- ‘Hello, Dolly!’ opens Thursday at EPAC
- ‘Somewhereville Station’ revisits the 50s and 60s
- Manheim Downtown Development Group will dissolve
- MC Art Show doubles in size
- Warwick students are tops at county science fair
- Science fair winner was inspired by his grandparents
- Lititz Community Band seeking members
- Warwick, Manheim Central musicals this weekend
- MCFEE auction, dinner set for March 12
- Benefit concert to support Veterans Honor Park of Lancaster County
County adopts burn ban
The Lancaster County Board of Commissioners have established a temporary ban on open burning which took effect on April 13. The action was taken based on concern for continuing dry conditions and number of brush fires in the County during the past few weeks. It was also noted that numerous Lancaster County Fire companies assisted a a 400+ acre brush fire in Berks County.
State Law allows to Fire Chiefs within a County to request a temporary ban from the District Forester. The District Forester received the request from the Chief’s and made a written recommendation for the ban to the Board of Commissioners. The ban is scheduled to be in effect until May 12, but can be rescinded early if conditions improve or it can be extended, if needed.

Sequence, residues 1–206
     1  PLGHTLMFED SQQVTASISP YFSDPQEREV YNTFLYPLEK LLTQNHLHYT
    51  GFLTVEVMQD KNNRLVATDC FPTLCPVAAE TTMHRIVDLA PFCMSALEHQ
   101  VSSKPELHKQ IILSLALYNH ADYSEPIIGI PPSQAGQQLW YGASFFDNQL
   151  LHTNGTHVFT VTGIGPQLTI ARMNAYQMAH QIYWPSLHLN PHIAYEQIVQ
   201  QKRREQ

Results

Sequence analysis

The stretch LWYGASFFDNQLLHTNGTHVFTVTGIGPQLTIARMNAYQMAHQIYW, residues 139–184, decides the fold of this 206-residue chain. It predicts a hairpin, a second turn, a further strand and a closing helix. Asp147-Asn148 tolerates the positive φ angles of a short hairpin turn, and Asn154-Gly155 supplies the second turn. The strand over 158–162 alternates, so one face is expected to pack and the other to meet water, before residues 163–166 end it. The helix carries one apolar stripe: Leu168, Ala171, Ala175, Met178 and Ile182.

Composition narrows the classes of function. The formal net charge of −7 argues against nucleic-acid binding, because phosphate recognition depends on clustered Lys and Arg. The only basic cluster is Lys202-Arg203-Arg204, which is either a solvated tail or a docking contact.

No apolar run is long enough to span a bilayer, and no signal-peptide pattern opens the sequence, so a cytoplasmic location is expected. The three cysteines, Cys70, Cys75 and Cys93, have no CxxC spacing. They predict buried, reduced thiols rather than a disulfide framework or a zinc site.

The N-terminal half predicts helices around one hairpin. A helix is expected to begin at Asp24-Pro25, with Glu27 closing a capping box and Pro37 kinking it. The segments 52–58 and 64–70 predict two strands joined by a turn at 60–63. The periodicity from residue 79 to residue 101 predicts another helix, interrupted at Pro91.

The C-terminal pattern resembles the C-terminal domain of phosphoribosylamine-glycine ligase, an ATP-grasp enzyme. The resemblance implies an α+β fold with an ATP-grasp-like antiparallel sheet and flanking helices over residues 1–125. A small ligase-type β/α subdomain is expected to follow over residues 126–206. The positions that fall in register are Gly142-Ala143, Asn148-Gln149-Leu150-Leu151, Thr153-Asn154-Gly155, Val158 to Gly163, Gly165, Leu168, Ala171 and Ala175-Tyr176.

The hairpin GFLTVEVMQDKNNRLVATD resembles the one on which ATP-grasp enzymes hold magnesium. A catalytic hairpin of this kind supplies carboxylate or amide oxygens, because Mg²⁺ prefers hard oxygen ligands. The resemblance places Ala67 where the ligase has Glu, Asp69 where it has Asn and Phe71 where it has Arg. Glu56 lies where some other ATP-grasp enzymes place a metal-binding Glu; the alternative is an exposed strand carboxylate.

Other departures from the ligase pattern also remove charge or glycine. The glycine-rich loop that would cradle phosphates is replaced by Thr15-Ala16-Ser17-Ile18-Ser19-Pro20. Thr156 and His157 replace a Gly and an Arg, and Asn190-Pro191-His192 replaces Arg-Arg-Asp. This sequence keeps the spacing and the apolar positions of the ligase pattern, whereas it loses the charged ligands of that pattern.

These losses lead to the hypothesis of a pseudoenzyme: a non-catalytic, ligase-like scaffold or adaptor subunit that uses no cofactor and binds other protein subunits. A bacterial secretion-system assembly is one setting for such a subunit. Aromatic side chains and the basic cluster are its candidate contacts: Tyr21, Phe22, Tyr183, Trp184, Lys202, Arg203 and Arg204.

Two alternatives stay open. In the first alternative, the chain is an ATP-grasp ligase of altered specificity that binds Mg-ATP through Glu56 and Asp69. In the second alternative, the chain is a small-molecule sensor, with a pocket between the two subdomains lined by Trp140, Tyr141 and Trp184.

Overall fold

By the Resolution, open burning is defined as the ignition and subsequent burning of any combustible material (garbage, leaves, grass, twigs, litter, vegetative matter involved with land clearing or any other sort of debris) out of doors in either a burn barrel (screened or unscreened), fire ring, or on the ground.
Exemption is given to all fires for the exclusive purpose of food preparation. Enclosed incinerators and masonry fire pits are also not covered by the ban.
Randall S. Gockley, County Emergency Management Coordinator, stated "this action is being taken to reduce the risk of serious brush and forest fires during this unusual dry period. The Dept. of Forestry has advised us the fire danger has been high to extreme during the past week. Lancaster County has been under Red Flag Warnings, indicating extremely dangerous conditions, for six days this past month which is very rare. Gockley stated, "We had flood condition last fall, but with a winter with little snow and having a deficit of 3- 1/2 inches of rain below normal this year, conditions are extremely dangerous." The fire service is asking for citizens to cooperate with the temporary ban until substantial rainfall occurs and the dangers diminish. Contact Randy Gockley at 800-808-5236 for additional information. More BURN BAN, page A14